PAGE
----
>>>> Both of the following possibilities have disadvantages, in comparison
>>>> to the initial proposal:
>>>> 1. What if, for the initial 2 counts, it were a Score-count, in
>>>> addition to the MMPO count.
>>>> One argument against that variation is that a voter's inferred
>>>> approvals are likely to be more optimal for hir than the Score ratings on
>>>> which they're based.
>>>> 2. For the 2 initial counts, what if the MMPO count used a separate
>>>> ranking, & the Approval count used a separate set of Approval-marks?
>>>> Would that make it easier for Chris's pushover strategist?
>>>> What other positive & negative results?
>>>> One possible disadvantage that occurs to me is that overcompromising
>>>> voters might approve lower than than necessary, if the approval were
>>>> explicitly voted.  ...in comparison to their ratings-which tend to soften
>>>> voting errors.
>>>> So far, it appears that the initial proposal is probably the best one.
>>>> Michael Ossipoff
>>>> On Oct 17, 2016 1:49 PM, "Forest Simmons" <fsimmons at pcc.edu> wrote:
>>>>> Kristofer,
>>>>> Perhaps the way out is to invite two ballots from each voter. The
>>>>> first set of ballots is used to narrow down to two alternatives.  It is
>>>>> expected that these ballots will be voted with all possible manipulative
>>>>> strategy ... chicken defection, pushover, burial, etc.
>>>>> The second set is used only to decide between the two alternatives
>>>>> served up by the first set.
>>>>> A voter who doesn't like strategic burden need not contribute to the
>>>>> first set, or could submit the same ballot to both sets.
>>>>> If both ballots were Olympic Score style, with scores ranging from
>>>>> blank (=0) to 10, there would be enough resolution for all practical
>>>>> purposes.  Approval voters could simply specify their approvals with 10 and
>>>>> leave the other candidates' scores blank.
>>>>> There should be no consistency requirement between the two ballots.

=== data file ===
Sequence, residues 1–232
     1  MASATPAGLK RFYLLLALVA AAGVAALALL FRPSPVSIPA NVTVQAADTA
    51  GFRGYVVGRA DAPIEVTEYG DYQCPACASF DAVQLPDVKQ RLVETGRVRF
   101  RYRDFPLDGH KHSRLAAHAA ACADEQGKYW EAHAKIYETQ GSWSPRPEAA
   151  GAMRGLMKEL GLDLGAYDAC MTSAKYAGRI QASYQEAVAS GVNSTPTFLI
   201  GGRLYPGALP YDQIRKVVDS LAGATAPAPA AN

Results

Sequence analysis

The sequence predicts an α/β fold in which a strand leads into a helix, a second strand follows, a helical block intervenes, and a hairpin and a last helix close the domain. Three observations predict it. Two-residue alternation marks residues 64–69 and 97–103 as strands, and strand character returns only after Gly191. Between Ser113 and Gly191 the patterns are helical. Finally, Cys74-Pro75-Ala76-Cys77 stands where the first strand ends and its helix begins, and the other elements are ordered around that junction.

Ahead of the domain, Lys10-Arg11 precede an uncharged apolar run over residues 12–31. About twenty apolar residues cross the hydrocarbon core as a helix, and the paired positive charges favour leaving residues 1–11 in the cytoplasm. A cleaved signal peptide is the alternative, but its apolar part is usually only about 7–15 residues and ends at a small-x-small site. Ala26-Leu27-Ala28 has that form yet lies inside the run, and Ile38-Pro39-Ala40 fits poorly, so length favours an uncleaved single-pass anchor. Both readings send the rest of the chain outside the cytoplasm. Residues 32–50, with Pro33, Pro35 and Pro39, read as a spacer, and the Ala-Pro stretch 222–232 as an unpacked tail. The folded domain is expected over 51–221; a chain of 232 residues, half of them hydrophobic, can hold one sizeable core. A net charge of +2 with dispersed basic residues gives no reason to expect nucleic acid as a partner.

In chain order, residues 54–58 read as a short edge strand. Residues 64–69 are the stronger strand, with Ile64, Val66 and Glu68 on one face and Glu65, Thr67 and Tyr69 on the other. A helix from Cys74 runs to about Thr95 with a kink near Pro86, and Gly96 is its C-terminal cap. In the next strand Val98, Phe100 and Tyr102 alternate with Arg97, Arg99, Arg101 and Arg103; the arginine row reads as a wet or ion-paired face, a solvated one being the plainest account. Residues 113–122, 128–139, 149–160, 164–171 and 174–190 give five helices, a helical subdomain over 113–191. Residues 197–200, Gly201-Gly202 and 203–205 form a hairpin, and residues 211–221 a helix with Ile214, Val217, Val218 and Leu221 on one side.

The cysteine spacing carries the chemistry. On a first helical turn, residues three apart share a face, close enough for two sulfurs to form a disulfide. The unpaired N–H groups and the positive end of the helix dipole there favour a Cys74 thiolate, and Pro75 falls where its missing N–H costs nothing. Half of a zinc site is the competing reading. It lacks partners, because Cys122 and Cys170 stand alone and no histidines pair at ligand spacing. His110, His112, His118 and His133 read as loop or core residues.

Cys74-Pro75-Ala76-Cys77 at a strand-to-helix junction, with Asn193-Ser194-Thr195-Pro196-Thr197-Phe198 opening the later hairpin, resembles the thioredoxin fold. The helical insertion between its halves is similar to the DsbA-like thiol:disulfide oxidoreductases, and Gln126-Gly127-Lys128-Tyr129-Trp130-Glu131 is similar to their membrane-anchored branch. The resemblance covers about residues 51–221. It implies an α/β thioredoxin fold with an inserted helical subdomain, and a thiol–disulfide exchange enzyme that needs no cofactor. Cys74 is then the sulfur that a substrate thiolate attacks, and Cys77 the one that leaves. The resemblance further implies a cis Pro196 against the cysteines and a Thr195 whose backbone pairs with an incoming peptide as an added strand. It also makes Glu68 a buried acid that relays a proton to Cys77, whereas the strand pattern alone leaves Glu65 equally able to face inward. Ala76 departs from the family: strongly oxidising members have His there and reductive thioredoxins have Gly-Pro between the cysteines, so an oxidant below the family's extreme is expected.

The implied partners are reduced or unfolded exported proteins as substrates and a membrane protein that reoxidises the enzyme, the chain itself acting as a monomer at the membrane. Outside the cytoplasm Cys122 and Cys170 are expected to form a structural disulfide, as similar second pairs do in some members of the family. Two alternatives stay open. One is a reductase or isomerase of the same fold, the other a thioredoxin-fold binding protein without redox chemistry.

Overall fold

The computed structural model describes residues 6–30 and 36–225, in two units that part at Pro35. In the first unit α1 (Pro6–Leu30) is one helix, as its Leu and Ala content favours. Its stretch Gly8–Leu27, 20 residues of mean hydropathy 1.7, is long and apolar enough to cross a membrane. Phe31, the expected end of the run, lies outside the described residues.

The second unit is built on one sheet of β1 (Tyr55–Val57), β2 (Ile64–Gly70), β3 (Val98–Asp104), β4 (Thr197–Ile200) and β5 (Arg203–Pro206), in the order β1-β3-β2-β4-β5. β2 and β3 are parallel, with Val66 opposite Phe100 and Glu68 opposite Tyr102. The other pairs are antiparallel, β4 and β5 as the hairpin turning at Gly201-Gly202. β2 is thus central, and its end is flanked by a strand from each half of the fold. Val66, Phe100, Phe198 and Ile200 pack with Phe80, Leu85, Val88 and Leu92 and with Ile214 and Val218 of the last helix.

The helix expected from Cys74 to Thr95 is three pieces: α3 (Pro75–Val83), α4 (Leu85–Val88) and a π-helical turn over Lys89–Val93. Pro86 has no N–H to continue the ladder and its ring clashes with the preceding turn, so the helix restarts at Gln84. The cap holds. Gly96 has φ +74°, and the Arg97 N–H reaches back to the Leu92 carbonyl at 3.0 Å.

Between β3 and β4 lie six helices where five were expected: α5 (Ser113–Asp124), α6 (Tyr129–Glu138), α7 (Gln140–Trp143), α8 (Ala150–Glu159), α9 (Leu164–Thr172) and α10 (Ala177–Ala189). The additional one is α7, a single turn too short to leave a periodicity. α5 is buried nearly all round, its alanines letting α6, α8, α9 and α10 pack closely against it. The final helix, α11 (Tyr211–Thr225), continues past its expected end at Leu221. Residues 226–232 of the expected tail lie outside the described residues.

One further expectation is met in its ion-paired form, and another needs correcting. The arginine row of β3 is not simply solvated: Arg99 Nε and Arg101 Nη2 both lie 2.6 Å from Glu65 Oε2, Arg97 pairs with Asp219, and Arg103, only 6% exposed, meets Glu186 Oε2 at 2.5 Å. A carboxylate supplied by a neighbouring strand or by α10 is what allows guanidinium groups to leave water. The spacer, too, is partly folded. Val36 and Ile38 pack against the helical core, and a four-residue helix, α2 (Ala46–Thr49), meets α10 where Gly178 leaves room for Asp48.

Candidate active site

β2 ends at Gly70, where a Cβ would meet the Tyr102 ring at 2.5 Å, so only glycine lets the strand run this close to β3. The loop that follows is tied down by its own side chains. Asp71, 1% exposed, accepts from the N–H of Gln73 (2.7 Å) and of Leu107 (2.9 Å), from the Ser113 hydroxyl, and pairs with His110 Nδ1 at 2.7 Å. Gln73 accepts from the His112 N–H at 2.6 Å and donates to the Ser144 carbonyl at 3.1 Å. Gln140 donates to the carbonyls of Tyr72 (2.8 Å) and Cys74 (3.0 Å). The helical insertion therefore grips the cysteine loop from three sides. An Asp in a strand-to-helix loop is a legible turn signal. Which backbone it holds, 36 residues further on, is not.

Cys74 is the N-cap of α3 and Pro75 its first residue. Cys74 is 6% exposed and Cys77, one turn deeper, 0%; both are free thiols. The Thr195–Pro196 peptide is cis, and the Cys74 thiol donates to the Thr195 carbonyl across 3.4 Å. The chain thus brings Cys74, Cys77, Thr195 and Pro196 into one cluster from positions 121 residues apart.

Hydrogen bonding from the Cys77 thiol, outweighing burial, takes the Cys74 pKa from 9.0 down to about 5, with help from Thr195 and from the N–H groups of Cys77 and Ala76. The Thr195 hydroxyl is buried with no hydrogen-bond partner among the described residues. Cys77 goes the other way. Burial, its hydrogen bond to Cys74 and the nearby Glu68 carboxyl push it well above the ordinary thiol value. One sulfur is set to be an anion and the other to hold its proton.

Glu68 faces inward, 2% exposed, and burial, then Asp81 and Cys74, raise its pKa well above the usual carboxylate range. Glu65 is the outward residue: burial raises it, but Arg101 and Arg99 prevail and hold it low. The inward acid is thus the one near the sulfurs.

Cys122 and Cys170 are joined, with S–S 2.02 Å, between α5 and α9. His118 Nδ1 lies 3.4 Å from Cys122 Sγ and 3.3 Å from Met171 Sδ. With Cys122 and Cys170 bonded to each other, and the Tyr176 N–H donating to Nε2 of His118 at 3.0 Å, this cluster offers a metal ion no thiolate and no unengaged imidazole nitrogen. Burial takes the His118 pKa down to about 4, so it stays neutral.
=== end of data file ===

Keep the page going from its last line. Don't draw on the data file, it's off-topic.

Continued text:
>>>>> They should be put in separate boxes and counted separately.  Only that
>>>>> policy can guarantee the sincerity of the ballots in the second set.
>>>>> In this regard it is important to realize that optimal perfect
>>>>> information approval strategy may require you to approve out of order, i.e.
>>>>> approve X and not Y even if you sincerely rate Y higher than X.  [We're
>>>>> talking about optimal in the sense of maximizing your expectation, meaning
>>>>> the expectation of your sincere ratings ballot, (your contribution to the
>>>>> second set).]
>>>>> Nobody expects sincerity on the first set of ballots.  If some of them
>>>>> are sincere, no harm done, as long as the methods for choosing the two
>>>>> finalists are reasonable.
>>>>> On the other hand, no rational voter would vote insincerely on hir
>>>>> contribution to the second set.  The social scientist has a near perfect
>>>>> window into the sincere preferences of the voters.
>>>>> Suppose the respective finalists are chosen by IRV and Implicit
>>>>> Approval, respectively, applied to the first set of ballots.  People's eyes
>>>>> would be opened when they saw how often the Approval Winner was sincerely
>>>>> preferred over the IRV winner.
>>>>> Currently my first choice of methods for choosing the respective
>>>>> finalists would be MMPO for one of them and Approval for the other, with
>>>>> the approval cutoff at midrange (so scores of six through ten represent
>>>>> approval).
>>>>> Consider the strategical ballot set profile conforming to
>>>>> 40  C
>>>>> 32  A>B
>>>>> 28  B
>>>>> The MMPO finalist would be A, and the likely Approval finalist would
>>>>> be B, unless too many B ratings were below midrange.
>>>>> If the sincere ballots were
>>>>> 40 C
>>>>> 32 A>B
>>>>> 28 B>A
>>>>> then the runoff winner determined by the second set of ballots would
>>>>> be A, the CWs.  The chicken defection was to no avail.  Note that even